VOUCHSAFED: State's private school voucher program doesn't deliver the goods yet gets bigger | WisCommunity

VOUCHSAFED: State's private school voucher program doesn't deliver the goods yet gets bigger

Sen. Kathleen Vinehout's earlier post here on the state's misbegotten private school voucher program is informative and well argued. Coincidentally, Milwaukee's independent, nonpartisan Public Policy Forum just revealed in an analysis that the private voucher schools serving that city's poor students aren't producing better math or reading scores than the city's public schools, which defect proponents insisted was a key reason for starting up the program.

This is the first such comparison since the state program began in Milwaukee nearly 20 years ago. That's because Republicans had long fought any requirement that voucher school academic performance be subject to measurement comparing their results to those of the Milwaukee Public Schools. That was the district so vilified that it lost hundreds of millions of dollars in teaching monies to the voucher program. The Journal Sentinel's report today on the Policy Forum's findings said:

The Public Policy Forum's report ... compared student performance among voucher schools based on last year's release of statewide testing data. By law voucher school students were for the first time required to take Wisconsin's annual standardized achievement test that all public school students take. The report focused on the performance levels of schools with high rates of student poverty against schools with considerably lower rates.

Unfortunately, the Milwaukee Journal Sentinel front-pager revealing that disappointing result buried that policy forum revelation on an inside page near the story bottom. The newspaper focused instead (in a big headline and in the front-page story itself) on how voucher program enrollment is up significantly since Gov. Scott Walker and the GOP-controlled legislature expanded the program last year.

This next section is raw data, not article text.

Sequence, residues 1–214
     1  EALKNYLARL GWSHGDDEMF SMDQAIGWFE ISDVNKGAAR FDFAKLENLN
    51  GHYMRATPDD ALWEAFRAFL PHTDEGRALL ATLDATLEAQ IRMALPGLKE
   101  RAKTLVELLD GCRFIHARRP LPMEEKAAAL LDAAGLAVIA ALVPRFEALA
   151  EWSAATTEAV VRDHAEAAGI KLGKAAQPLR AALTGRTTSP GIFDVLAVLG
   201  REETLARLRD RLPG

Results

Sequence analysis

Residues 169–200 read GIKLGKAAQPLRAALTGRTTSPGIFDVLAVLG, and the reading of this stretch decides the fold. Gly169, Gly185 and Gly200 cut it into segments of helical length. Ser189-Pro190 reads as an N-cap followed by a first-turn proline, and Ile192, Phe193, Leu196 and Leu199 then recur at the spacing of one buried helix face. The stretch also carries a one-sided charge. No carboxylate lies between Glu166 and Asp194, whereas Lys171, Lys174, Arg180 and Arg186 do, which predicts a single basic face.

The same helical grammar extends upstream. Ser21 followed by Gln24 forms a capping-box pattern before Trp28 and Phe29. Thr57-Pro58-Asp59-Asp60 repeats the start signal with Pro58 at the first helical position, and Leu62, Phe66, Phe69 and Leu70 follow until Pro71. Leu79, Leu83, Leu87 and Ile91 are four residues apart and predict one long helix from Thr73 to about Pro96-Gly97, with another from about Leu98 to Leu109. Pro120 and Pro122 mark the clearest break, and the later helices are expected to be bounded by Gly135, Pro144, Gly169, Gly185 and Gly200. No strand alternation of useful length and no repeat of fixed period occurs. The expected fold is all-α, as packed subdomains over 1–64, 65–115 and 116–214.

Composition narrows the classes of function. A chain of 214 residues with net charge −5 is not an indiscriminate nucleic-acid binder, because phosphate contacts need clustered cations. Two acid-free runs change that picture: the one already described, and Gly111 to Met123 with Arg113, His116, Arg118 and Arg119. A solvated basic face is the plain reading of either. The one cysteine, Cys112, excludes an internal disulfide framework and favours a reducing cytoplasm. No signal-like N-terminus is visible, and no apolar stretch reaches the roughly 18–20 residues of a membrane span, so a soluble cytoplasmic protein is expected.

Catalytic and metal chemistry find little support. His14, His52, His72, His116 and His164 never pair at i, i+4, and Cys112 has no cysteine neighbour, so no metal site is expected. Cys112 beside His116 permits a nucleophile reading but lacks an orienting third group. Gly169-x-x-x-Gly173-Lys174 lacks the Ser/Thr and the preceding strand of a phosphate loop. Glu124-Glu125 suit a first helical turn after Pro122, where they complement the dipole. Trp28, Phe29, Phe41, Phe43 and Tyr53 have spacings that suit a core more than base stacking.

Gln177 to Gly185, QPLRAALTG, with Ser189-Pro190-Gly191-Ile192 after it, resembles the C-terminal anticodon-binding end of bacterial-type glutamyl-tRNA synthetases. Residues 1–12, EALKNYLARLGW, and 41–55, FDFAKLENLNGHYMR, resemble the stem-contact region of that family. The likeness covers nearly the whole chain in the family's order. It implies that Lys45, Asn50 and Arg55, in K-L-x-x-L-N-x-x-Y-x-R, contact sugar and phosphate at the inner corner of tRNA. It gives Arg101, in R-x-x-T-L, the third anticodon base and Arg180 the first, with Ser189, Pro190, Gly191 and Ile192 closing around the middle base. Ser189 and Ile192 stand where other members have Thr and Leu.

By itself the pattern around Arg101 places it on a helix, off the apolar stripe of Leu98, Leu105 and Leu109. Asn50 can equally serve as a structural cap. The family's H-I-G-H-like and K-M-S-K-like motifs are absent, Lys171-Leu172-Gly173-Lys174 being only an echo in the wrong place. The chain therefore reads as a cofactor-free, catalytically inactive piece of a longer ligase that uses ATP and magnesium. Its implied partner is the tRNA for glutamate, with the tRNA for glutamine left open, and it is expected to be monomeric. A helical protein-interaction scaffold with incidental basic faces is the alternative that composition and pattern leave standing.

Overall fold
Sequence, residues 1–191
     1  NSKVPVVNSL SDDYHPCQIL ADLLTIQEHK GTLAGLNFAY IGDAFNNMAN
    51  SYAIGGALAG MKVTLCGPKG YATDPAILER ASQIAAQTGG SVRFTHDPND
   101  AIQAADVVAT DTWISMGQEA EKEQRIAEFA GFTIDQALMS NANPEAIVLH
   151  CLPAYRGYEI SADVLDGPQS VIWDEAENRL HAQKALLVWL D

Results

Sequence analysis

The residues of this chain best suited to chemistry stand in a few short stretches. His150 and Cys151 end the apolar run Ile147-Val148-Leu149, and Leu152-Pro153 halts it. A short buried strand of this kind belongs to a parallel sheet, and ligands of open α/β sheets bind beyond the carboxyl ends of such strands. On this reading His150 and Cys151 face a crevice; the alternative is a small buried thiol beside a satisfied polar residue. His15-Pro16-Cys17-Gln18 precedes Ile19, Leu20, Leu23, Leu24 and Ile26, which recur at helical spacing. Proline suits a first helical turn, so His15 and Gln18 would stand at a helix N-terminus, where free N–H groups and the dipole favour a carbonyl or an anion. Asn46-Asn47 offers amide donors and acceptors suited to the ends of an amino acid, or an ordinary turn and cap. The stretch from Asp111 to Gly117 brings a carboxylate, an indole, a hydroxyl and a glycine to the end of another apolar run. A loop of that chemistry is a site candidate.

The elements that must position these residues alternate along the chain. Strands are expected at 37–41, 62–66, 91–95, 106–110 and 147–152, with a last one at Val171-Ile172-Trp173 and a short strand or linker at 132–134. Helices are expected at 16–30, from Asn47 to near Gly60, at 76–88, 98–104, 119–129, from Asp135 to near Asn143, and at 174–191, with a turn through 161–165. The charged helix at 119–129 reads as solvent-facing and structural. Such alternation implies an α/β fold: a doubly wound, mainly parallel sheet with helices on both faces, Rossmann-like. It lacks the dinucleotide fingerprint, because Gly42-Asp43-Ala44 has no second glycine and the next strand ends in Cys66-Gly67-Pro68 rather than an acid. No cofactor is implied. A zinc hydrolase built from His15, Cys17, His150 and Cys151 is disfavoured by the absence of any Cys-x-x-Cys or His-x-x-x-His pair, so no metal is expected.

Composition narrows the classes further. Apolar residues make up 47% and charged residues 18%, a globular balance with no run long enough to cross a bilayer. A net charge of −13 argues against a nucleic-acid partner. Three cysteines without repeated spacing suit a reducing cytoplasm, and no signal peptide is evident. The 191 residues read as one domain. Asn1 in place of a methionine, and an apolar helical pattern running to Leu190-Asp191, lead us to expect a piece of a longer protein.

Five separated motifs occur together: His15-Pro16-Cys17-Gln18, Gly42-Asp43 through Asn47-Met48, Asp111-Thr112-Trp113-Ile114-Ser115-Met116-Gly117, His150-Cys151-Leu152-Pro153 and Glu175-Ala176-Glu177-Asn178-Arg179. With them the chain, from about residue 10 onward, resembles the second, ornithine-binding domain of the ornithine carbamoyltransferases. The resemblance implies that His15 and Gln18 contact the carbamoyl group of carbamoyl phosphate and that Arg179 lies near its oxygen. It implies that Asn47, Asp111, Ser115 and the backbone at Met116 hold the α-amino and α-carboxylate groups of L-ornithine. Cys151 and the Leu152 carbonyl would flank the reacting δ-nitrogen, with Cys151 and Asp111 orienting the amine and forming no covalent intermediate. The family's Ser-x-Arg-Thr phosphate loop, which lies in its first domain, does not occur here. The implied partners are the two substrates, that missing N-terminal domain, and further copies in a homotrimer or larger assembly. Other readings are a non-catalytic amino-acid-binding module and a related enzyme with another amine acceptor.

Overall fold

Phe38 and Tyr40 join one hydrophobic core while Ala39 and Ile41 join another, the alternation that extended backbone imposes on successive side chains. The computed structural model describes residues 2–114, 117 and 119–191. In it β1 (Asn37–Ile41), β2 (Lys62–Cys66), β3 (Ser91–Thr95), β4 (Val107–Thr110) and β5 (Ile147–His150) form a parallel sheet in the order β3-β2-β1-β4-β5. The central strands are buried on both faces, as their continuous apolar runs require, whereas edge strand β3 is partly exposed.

Of course, beyond that, voucher schools are private schools, meaning public funds in Wisconsin are are used to support non-public education, at the expense of public education. Bad, bad idea all around. Worse, still, as the senator notes, after a public school district falls under the voucher program based on low-income requirements, the program continues even if income levels later improve. The Journal Sentinel again:

... once a family is enrolled in the voucher program, it can stay permanently - even if the family's income rises and exceeds the program's income cap.

"The families come in with the voucher, so that's a benefit for the schools because that's a stable source of revenue," [the Policy Forum's Annilese] Dickman said.

On top of that, the voucher program has changed from one targeted to at-risk, low-income students (who aren't doing better than their public school peers, remember) and toward one that is aimed at middle- and upper-middle-class families. Under the new law's guidelines, a family of four making up to $67,050 can participate in the voucher program. Compare that to the median annual household income in Milwaukee: $35,921. 

Nope, the voucher program is now not only ineffiicent and even useless, it is becoming an increasingly huge drain on tax dollars, and has turned into a subsidy program for relatively well-off families. And it's hurting public schools. No revenue stability for public schools, which took a $1.6 billion hit under Walker's budget, but for private schools participating in the voucher program the state guarantees revenue stability, at the expense of public schools, and at the general expense of some taxpayers in favor of others.

In short, if you were an ideologue who set out to destroy public education in Wisconsin, the voucher program would be one great way to start. And, as Sen. Vinehout notes, this ridiculous private school voucher program may soon be coming to public schools outside Milwaukee and lately Racine, thanks to GOP machinations already legally enabled.

So be afraid. Be very afraid.

Here's the URL to the news story on the forum's findings:


February 13, 2012 - 3:43pm